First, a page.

Warning message

The subscription service is currently unavailable. Please try again later.
Joe Ronzio/IWMI

Climate migration and social transformation: embracing complexity

Compelling discussion, commentary, stories on agriculture within thriving ecosystems.

Unpredictable rainfall patterns, droughts and floods linked to climate change are increasingly driving people to migrate in search of a better life. In West Africa, in addition to rural-urban migration, deteriorating landscapes are encouraging people to move to coastal countries where plantations, mining and cities offer the hope of greater opportunity and economy security.

Migration is a long-established economic strategy in the region. One in three West Africans live outside their place of birth. Although migration, including climate migration, has attracted considerable research and policy interest for many years, a new WLE policy brief argues that existing debates often overlook a crucial factor: social transformation.

Social, economic and political transformation

Migration is a driver of social transformation, generating long-term societal shifts on a deep structural level that impact individuals, communities and entire countries. Along with flows of people, migration creates a flow of ideas, remittances and social capital. Together, these alter the social, economic and political structures in both sending and receiving areas. However, as these changes occur in parallel and in combination with other societal trends, migration's role sometimes goes unnoticed.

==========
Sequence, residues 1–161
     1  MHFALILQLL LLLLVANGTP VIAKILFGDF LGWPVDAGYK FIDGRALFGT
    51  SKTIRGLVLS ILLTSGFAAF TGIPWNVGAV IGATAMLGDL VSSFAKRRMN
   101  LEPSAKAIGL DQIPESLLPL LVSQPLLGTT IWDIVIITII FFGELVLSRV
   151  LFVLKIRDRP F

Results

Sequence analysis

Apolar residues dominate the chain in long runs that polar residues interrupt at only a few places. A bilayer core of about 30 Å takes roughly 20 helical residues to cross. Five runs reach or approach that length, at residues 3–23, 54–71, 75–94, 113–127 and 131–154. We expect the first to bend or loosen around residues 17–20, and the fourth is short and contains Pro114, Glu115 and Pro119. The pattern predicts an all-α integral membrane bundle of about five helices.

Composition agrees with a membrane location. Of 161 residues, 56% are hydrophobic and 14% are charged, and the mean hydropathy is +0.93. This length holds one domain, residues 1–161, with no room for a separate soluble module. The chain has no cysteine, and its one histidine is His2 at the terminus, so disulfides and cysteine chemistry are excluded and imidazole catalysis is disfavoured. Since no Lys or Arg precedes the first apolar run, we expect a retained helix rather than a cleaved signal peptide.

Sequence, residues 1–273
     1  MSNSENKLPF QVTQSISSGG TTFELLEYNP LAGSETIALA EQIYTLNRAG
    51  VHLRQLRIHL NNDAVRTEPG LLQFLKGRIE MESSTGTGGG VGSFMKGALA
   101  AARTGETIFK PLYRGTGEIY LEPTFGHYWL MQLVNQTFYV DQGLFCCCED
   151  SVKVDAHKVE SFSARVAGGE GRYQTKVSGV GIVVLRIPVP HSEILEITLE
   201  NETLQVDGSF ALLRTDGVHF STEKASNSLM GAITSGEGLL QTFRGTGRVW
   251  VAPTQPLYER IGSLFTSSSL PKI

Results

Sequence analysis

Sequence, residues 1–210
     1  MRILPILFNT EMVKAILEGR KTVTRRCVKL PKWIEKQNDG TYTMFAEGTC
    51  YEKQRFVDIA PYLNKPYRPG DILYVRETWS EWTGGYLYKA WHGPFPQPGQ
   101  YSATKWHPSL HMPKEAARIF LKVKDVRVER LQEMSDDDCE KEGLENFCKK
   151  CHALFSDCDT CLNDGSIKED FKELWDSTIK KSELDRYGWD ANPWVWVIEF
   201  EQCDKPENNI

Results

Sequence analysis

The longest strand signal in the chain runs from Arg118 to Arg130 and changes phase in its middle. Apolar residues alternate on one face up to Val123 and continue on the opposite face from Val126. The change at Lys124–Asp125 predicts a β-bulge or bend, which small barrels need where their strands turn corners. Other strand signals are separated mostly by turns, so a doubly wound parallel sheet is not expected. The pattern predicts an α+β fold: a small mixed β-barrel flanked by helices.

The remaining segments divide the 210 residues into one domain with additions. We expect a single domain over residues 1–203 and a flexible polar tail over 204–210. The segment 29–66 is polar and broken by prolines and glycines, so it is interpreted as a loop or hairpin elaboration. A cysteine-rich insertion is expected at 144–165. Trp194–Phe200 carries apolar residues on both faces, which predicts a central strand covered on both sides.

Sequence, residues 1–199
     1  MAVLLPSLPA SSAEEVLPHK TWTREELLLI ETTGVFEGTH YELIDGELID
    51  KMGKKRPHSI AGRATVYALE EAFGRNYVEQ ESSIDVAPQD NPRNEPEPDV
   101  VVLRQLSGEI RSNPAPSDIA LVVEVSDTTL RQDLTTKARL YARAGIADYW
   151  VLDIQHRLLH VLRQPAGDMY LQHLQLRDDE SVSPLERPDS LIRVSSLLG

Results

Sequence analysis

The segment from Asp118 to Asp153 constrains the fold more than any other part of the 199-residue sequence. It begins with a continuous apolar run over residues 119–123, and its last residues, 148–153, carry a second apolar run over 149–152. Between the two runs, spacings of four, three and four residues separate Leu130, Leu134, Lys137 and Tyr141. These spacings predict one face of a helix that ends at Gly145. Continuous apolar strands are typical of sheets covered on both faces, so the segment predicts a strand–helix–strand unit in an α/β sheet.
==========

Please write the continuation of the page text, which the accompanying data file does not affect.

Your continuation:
Climate-induced migration is no exception. For example, a typical pattern is for young men to leave their villages while their wives, children and elderly relatives stay behind. This is leading to a rise in female-headed households in sending areas, while in receiving areas men are forced to adapt to, and integrate into, urban life.

There is consensus among regional policy makers and in the literature that climate change will increasingly drive migration in the future. However, it is impossible to disentangle environmental factors from the social, economic, political and demographic factors also driving migration. Moreover, the literature on climate-induced migration shows that the relationship between climate change and migration is non-linear and may be subject to various tipping points. Combined with the uncertainty of climate projections and the paucity of migration data in West Africa, this undermines efforts to develop long-term policy responses.

Unequal benefits of migration

Migration is increasingly seen as a positive adaptive strategy in response to the growing impacts of climate change, but it creates losers as well as winners. The benefits and downsides of migration are not equally distributed within countries, localities or even households.

Accelerating migratory flows are likely to lead to profound changes not only in demographic structures, but also in cultural factors such as gender norms and gender roles. Similarly, the flow of remittances not only constitutes a short-term transfer of resources, but also can lead to a reconfiguration of social support networks. When people migrate, they do not merely change their location, but often also acquire new ideas, attitudes and beliefs.